While selecting a blood glucose meter, consider factors like cost, ease of use, testing speed, size, and additional features to make the most suitable choice for your needs. Always remember to discuss your options with your healthcare professional before deciding.

Continuous Glucose Monitors and Flash Glucose Monitoring

Continuous Glucose Monitors (CGM) and Flash Glucose Monitors (Flash GM) are advanced technologies that offer real-time, continuous monitoring of glucose levels, providing a more comprehensive picture of your glucose dynamics.

Dexcom G^ Continuous Glucose Monitoring system

These devices measure glucose levels in your body interstitial fluids continuously throughout the day and night through a sensor that you insert under your skin. Newer CGM devices, such as the Dexcom G6, can transmit your CGM glucose reading directly to a smartphone app or receiver. They also display glucose trends and can even alert you if your glucose levels get too high or too low. This real-time feedback can help individuals with diabetes to make more informed decisions about food intake, insulin doses, and other lifestyle factors.

Flash Glucose Monitors, like Abbott's Freestyle Libre, are similar to CGMs but require patients to scan the sensor with a scanning device in order to upload data to the cloud, where it is securely and confidentially stored. By combining data from scans, continuous glucose monitoring can be achieved which can show you in detail how your blood sugar level changes during the day and night.

Freestyle Libre Flash Glucose Monitoring device

Sample Freestyle Libre Ambulatory Glucose Profile

Both CGM and Flash GM sensors are typically replaced every 10-14 days and can be worn while bathing, swimming, and exercising, making them a convenient choice for continuous monitoring. By wearing a CGM or Flash GM, people with diabetes can achieve a better understanding of their glucose patterns and variations, leading to improved diabetes control.

CGM devices have been shown to be safe and effective in improving blood sugar control in both type 1 and type 2 diabetes. However, in view of their cost and complexity, CGMs and Flash GMs are more suitable for patients who need closer, more frequent monitoring - for example if they have type 1 diabetes, are poorly controlled or undergoing changes in medication. CGM and Flash GM are not meant to completely replace traditional blood glucose testing but rather to complement it. It's essential to confirm suspicious or critical readings with a traditional blood glucose meter. So a combination of CGM/Flash GM and traditional finger prick glucose monitoring is often the best solution. Always discuss your options with your healthcare professional before making a choice.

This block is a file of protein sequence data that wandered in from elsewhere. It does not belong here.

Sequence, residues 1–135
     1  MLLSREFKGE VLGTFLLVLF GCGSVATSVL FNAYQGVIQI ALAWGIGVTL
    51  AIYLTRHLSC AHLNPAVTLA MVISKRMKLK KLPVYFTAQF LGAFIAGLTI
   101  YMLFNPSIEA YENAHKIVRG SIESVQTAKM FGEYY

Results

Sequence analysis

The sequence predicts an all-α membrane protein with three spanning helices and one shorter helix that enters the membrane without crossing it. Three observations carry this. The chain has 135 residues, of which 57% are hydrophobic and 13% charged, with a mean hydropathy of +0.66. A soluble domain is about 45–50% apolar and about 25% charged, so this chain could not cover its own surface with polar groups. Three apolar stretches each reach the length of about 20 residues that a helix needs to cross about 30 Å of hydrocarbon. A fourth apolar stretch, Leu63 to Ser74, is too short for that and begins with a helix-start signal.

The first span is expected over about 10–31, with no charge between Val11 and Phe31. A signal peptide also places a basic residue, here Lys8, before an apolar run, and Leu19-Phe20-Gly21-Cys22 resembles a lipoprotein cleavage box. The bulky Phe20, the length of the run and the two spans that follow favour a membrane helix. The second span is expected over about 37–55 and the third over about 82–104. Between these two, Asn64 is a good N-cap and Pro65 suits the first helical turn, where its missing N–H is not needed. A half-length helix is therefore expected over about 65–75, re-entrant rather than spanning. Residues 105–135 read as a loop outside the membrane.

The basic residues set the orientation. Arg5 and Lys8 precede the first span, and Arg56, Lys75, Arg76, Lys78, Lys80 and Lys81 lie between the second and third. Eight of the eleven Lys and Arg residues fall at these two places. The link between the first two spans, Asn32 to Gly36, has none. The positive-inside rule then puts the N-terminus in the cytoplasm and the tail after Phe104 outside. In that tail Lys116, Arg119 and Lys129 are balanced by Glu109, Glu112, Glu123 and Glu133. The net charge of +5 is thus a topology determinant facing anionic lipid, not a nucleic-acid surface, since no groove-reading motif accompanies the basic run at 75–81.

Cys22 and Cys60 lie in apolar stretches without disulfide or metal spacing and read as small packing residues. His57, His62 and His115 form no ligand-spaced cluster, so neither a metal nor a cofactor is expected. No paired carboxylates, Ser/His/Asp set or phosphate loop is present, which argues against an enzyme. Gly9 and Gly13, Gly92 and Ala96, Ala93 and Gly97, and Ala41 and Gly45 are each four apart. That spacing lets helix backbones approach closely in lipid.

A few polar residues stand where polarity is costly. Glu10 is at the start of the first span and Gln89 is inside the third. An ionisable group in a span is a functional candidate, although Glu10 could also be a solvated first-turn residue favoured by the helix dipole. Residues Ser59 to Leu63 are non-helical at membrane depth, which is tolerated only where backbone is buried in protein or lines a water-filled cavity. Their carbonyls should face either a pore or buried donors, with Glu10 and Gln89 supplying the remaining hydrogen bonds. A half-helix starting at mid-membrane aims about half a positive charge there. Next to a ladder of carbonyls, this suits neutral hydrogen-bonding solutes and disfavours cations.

How to Use a Traditional Blood Glucose Meter

Step-by-step Guide on Testing Blood Sugar

This video from SingHealth Polyclinics provides a detailed guide on using a glucometer and test strips:

Testing your blood sugar at home is a straightforward process that becomes routine with a bit of practice. Here's a step-by-step guide on how to measure blood glucose using a traditional blood glucose meter:

  1. Wash Your Hands: Your hands should be clean before handling your testing supplies. Any residual substance on your hands may contaminate the testing area and give false readings.
  2. Insert Test Strip: The test strip should be inserted into the designated slot on the glucose meter. The device should be turned on either automatically or manually, depending on your meter's instructions.
  3. Prick Your Finger: Use a lancing device (included in most glucose meter kits) on the side of your fingertip to draw a small drop of blood. Pricking the side of the finger instead of the tip reduces pain and still provides an ample drop of blood for testing. If need be, you can gently squeeze your finger until a small drop forms.
  4. Apply Blood to Test Strip: Touch and hold the edge of the test strip to the drop of blood. The blood will be drawn into the tiny channel in the strip. Ensure that enough blood has been applied to fill the channel completely.
  5. Wait for the Result: The meter will then calculate your blood glucose level, usually in just a few seconds. The reading will appear on the device's digital display.

Remember, all meters are slightly different, so always refer to your user's manual for specific instructions. Although finger-prick testing may seem daunting initially, it quickly becomes part of a normal routine. It's crucial that you receive proper training on how to do the test and use your meter correctly — otherwise, you could get the wrong results.

Key Tips on Avoiding Problems with Your Meter

To maintain the accuracy and reliability of your blood glucose meter, follow these tips: